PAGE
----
Category: Initiative

Area: Gender Inequality

Place/Country: Germany

Date: Once every year

Institutions involved: Organisation by: Kompetenzzentrum Technik-Diversity-Chancengleichheit e. V.

Target group:

  • Boys starting age 11 and their families
  • Organisations looking for future young talents

Goals / Objectives /Aims: Boys have a wide range of interests and strengths, but when it comes to choosing their careers, they often opt for professions that are “traditionally” associated with men: e.g. automotive mechatronics technician or industrial mechanic. However, there are plenty of occupational fields in which male professionals and caregivers are sought after and highly desirable, e.g. in the fields of social services, health, care and education.
On Boys’ Day, Boys can get to know such professions in which men are underrepresented.

Content / Structure / Description including strengthening action competence

Boys’Day is a nationwide orientation day for boys on career guidance and life planning. Boys learn about professions or fields of study in which the proportion of men is less than 40 percent, e.g. in the areas of health/nursing, education/social work or services. Or they take part in workshops on career and life choices or role models.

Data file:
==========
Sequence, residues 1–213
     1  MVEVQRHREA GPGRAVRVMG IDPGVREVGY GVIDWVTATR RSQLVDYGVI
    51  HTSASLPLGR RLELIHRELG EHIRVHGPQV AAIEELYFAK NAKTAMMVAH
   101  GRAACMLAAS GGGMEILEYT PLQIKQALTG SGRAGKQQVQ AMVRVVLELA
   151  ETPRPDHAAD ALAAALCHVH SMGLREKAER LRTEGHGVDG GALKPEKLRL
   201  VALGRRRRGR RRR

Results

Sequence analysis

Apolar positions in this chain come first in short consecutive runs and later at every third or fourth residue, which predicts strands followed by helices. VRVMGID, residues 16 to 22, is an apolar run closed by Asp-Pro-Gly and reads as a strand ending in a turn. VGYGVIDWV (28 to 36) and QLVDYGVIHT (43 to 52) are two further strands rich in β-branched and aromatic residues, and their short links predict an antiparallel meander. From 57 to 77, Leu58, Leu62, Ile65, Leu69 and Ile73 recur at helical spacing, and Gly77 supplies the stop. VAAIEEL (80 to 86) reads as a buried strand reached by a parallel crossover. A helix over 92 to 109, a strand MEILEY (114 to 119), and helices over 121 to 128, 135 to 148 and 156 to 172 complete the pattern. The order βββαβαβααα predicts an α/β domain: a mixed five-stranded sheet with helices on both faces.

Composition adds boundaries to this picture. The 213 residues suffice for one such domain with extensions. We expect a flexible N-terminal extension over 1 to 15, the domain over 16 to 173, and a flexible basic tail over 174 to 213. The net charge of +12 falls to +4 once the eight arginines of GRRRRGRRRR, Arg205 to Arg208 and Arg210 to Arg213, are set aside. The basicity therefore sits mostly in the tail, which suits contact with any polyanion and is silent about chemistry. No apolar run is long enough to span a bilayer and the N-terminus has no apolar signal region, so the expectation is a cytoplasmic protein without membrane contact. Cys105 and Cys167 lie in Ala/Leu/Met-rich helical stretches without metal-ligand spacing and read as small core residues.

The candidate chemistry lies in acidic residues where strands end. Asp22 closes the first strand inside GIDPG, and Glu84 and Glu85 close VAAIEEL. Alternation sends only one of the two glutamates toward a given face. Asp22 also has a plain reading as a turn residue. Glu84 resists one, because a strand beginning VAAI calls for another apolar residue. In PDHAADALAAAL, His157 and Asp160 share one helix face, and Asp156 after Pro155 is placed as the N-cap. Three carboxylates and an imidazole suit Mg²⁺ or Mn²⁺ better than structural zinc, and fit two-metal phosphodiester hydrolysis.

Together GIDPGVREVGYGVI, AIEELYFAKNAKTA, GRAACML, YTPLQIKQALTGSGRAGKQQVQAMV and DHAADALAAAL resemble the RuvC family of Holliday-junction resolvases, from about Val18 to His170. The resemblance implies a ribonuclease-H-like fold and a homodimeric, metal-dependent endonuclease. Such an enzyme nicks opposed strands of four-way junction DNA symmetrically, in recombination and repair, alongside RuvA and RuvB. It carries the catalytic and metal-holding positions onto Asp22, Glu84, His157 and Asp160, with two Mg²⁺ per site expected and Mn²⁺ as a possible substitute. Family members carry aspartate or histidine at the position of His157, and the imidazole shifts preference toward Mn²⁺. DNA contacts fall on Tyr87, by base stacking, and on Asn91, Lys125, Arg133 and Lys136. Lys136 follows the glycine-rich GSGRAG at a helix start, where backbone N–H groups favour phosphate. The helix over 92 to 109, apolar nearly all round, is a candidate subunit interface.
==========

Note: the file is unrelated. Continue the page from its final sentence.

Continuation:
Boys’ Day is sponsored by the Federal Ministry for Family Affairs, Senior Citizens, Women and Youth and the Federal Ministry of Education and Research.

Results / Responses → Resulting Competences:

Boys get to know occupational fields that are “traditionally” out of the question for them. In addition, students can also take part in educational workshops. They focus on (e.g.) male role models, career and life planning, and the diversity of life plans. Boys can also strengthen their teamwork and conflict management abilities by working on their social skills.

Feedback / Evaluation of the practice:

According to the impact study of 2022, 66% of all Boys’ Day participants state that they learned about a new career field, which now interests them as a future career choice. Participants who can imagine working in the health and care professions rises from 16 to 22 percent. In the educational and social professions, it rises from 17 to 27 percent. That shows that Boys’ Day is able to broaden the participants’ spectrum of careers and studies.

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